Virginia Supreme Court Allows Appeal in Falls Church Case
A writ panel of three Justices of the Virginia Supreme Court, who heard oral arguments on October 16 in favor of the Petition for Appeal filed by The Falls Church Anglican following the adverse judgment by the Fairfax County Circuit Court has issued an order granting review of the case.
The Court’s order grants review of the following six points of error raised by The Falls Church:
1. The trial court erred in enforcing canon law, rather than “principles of real property and contract law” used in all cases ... to award plaintiffs a proprietary interest in TFC’s property and to extinguish TFC’s interest in such property, even though TFC’s own trustees held title and TFC paid for, improved, and maintained the property.
2. The trial court’s award of TFC’s property to plaintiffs violates the Religion Clauses of the U.S. and Virginia Constitutions by enabling denominations to secure others’ property by means available to no other Virginia entity.
3. The trial court erred in finding that plaintiffs had proprietary interests in TFC’s real property acquired before 1904, when the legislature first referenced denominational approval of church property transfers. [Note: in the body of the Petition, this claim of error is restated in this way: “The trial court divested TFC of property by retroactively applying canons and statutes passed after the conveyances at issue, contrary to state law and the Contracts Clause.”]
4. The trial court erred in awarding plaintiffs TFC’s unconsecrated real property, which is exempt from plaintiffs’ canons.
5. The trial court erred in awarding TFC’s personal property to plaintiffs—even though plaintiffs never had any control over TFC’s funds or their use, and TFC’s donors, for religious reasons, gave on the express condition that their gifts not be forwarded to plaintiffs—in violation of Va. Code §57-1 and the Religion Clauses of the U.S. and Virginia Constitutions.
6. The trial court erred in awarding plaintiffs more relief than sought, including funds given after TFC disaffiliated and funds spent on maintenance, which plaintiffs stipulated TFC should keep.
In their response to the Petition, the Diocese of Virginia claimed that The Falls Church Anglican had “waived” Assignments of Error #3 and #4 above, for improperly presenting and/or preserving them in the record for appeal. The Supreme Court obviously disagreed with that contention, because there is no language in its order restricting the points of error which The Falls Church Anglican may raise on appeal.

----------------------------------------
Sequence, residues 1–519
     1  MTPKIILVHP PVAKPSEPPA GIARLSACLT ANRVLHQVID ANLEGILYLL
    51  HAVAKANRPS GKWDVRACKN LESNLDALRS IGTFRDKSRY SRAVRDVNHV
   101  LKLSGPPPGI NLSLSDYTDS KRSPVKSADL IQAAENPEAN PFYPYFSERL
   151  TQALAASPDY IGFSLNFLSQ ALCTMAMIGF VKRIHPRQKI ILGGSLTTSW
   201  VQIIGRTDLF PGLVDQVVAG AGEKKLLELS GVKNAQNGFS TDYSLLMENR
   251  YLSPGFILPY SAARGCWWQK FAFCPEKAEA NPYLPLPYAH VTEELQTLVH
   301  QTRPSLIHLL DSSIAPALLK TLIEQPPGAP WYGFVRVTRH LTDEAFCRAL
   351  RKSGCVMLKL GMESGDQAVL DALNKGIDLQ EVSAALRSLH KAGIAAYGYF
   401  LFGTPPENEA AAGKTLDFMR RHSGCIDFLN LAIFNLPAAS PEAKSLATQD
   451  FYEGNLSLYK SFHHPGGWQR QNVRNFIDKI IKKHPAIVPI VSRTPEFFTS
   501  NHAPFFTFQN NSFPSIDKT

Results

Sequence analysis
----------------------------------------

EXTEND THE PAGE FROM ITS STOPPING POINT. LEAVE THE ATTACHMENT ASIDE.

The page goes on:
Additionally, both the Diocese of Virginia and the Episcopal Church (USA) sought to have the Court review the one aspect of Judge Bellows’ ruling with which they disagreed: they contended that he erroneously concluded that Virginia Code Section 57-7.1 does not operate so as to give validity to denominational trusts.
That statute, enacted to replace a former one dealing with the same subject, provides in part: ““Every conveyance or transfer of real or personal property … to or for the benefit of any church, church diocese, religious congregation or religious society …
shall be valid.” The Diocese and ECUSA wanted the court to read this statute so as to give effect to the Dennis Canon and other trusts which they claimed applied to the all of the parish’s real and personal property, but Judge Bellows ruled that the legislature had not intended to change pre-existing Virginia law against general denominational trusts when it adopted the new statute.
By its order, the writ panel expressly refused to consider the Diocese’s and ECUSA’s cross-assignments of this claimed error, so Judge Bellows’ ruling on that specific point will stand. And as I explained in this earlier post, that means that the Dennis Canon has no effect in Virginia. Instead, according to Judge Bellows, Virginia courts will look to other indicia of “proprietary interests in” (i.e., actual ownership and control over) parish property.
The result, as we saw in Judge Bellows’ ruling, can still come out the same as if the Dennis Canon had applied. At least now, however, the degree to which Judge Bellows went, in holding that factors such as restraints on alienation, episcopal visits and even the furnishing of Sunday service bulletins were decisive, will receive a fresh review by the full Supreme Court.
Where an appeal is completely discretionary with the court of review, as this civil appeal is in Virginia, the fact that it has granted review may generally be taken that the higher court does not agree with everything in the lower court’s decision.
In this case, the sharpest point of disagreement may well be with the one aspect of Judge Bellows’ ruling in which the Virginia Attorney General joined in requesting review: the order that The Falls Church hand over to the Diocese all of the pledge money it had collected from and after February of 2008, regardless of the intent expressed by the Church’s donors that none of their gifts should go to the entity that was suing them for their property. No matter what the Virginia Supreme Court eventually decides, this news cannot be welcome either to the Diocese or to ECUSA and their attorneys.
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